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Violence reigns in Fallujah

Five U.S. soldiers were killed in a separate road-side bombing in nearby Ramadi.
Thursday, April 1, 2004 | 12:00 a.m. CST; updated 4:02 p.m. CDT, Monday, July 21, 2008

WASHINGTON — After a year of trying, the U.S. military can’t figure out how to quell the rage in Fallujah, perhaps the most dangerous city in Iraq’s most dangerous region.

Last spring, the Army’s 3rd Armored Cavalry Regiment sent in a small, light force that got into a firefight and was forced to retreat. Next came the 3rd Infantry Division and, then, the 82nd Airborne with more iron-fisted approaches. When each left, the insurgents seemed as strong as ever.

Last month, the Marines arrived with a different strategy, running 24-hour-a-day patrols to hunt down insurgents while spending millions of dollars aimed at winning civilians’ hearts and minds.

But no change in strategy prevented Wednesday’s gruesome developments during one of the deadliest months since Iraq was invaded a year ago: Four American civilians dead, their charred corpses dragged through the streets and hung from bridges by jubilant crowds.

U.S. officials question strategy

At the Pentagon senior military officers are beginning to question whether any military strategy can sway a region where anger, religious zeal and intense economic need run so deep.

“We’ve got to recognize that Fallujah is certainly the hotbed of the insurgency in Iraq,” one senior officer said. “It is clearly the hardest nut to crack in terms of the religious issues.”

The area also reflects the residue of the influence wielded by ousted Iraqi dictator Saddam Hussein, the senior officer said.

“It is clearly where most of Saddam’s most loyal subjects have and continue to play a role and feel they have the wherewithal to resist any attempts to change,” the officer said. “That means that until we get the Iraqis in there to handle it, and we get out, this is going to continue to happen.”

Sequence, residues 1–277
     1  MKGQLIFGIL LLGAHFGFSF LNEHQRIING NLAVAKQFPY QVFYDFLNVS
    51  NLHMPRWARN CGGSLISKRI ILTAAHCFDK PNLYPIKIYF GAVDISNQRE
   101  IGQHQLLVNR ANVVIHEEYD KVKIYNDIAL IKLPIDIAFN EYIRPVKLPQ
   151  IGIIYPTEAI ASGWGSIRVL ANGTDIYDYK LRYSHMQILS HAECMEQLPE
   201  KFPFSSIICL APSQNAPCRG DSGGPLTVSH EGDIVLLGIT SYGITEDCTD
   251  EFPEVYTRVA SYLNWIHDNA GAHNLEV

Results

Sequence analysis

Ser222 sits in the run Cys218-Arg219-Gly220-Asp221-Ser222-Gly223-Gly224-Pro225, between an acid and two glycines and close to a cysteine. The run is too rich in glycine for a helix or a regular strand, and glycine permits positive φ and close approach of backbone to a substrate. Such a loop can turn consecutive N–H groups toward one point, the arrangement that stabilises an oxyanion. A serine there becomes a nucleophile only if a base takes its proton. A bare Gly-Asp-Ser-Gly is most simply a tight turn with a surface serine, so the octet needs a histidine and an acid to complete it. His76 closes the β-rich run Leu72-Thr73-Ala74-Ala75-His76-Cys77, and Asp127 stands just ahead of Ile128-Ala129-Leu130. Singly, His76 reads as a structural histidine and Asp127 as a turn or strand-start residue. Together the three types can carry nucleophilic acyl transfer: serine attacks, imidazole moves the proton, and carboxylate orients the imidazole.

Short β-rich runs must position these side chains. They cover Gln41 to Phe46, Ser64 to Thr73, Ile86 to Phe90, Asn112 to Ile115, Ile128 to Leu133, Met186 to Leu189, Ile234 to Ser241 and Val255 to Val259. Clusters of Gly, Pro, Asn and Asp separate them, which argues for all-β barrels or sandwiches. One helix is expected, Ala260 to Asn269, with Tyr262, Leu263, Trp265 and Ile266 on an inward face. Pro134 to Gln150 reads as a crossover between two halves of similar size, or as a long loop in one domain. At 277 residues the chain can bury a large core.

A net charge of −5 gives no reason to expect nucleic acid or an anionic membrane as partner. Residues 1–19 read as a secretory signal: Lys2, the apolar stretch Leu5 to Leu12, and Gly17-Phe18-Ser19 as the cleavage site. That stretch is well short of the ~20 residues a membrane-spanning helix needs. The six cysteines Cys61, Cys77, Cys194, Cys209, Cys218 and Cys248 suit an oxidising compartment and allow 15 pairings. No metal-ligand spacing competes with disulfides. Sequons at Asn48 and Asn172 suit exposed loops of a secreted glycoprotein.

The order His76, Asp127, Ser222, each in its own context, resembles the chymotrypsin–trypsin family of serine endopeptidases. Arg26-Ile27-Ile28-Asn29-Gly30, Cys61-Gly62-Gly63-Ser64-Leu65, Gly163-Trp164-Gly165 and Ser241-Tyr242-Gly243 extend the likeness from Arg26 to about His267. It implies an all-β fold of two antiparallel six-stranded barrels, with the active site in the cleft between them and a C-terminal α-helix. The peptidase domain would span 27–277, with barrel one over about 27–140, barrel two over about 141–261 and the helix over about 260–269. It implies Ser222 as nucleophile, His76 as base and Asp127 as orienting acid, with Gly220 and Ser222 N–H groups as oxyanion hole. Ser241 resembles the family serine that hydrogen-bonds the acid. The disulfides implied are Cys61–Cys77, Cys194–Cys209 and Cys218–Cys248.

That sort of pessimism is born of a difficult year in Fallujah, a city about 30 miles west of Baghdad, where Sunni Muslims maintain prayer rooms in restaurants and where women are rarely seen in public.

“When you look at Iraq’s future, it’s clear that there’s not much in it for places like Tikrit and Fallujah,” said Anthony Cordesman, a former senior Pentagon official. “They have no reason to reap anywhere near the kind of funding and infrastructure they had under the regime. They were artificially subsidized and given support and employment and preferences that they are never going to have again.”

The search for order

Since the U.S.-led occupation began, neither military forces nor Iraqi police have been able to maintain order in Fallujah for more than short periods. Their attempts have been hampered by a lack of reliable intelligence from a population that largely looks upon Americans as occupiers.

Before leaving earlier this year, the Army’s 82nd Airborne Division largely had given up efforts to maintain a major presence in Fallujah, instead retreating to the perimeters of the city and mounting patrols from there.

When the 1st Marine Division, based at Camp Pendleton, Calif., took over operations in Fallujah from the Army on March 24, strategists opted to up the presence of U.S. troops on Fallujah’s streets.

Marine Corps commanders said they planned no change in their long-term tactics in Fallujah as a result of Wednesday’s deaths. Maj. Gen. James Mattis, commanding the 1st Marine Division, has told troops that the test of their mettle will be not to lash back at the Iraqis because of casualties.

To the division’s classic motto, “No better friend, no worse enemy,” Mattis has affixed a preface for the mission in Iraq’s al Anbar province, which includes Fallujah: “First, do no harm.”

The Marines are using what they call the “two-track” approach. The first track involves 24-hour patrols to hunt down insurgents and those making and planting the improvised explosive devices.

The second track is to help improve schools, clinics and other government services by pumping in money and management expertise.

“Everybody understands destroying the enemy, that’s what the Marines do,” said Lt. Eric Knapp, division spokesman. “But the second task is to diminish the conditions that caused the Iraqis to resent and distrust us.”

The need for help

As one military experiment after another fails to make a dent in the hatred of Westerners in Fallujah, analysts question whether the U.S. military can ever be successful in such an environment.

Michael Donovan, at the Center for Defense Initiatives, a liberal-leaning Washington think tank, suggested that only NATO-sponsored combat troops would have a chance.

“I don’t think the American military has the practical capability to do the kinds of stability missions needed there,” Donovan said. “You need NATO-quality troops in large numbers to supplement American forces on the ground.”

Bathsheba Crocker, co-director of the Post-Conflict Resolution Project at the Center for International Studies in Washington said: “We’ll never be totally successful in a place like Fallujah as long as we talk about winning it militarily.”


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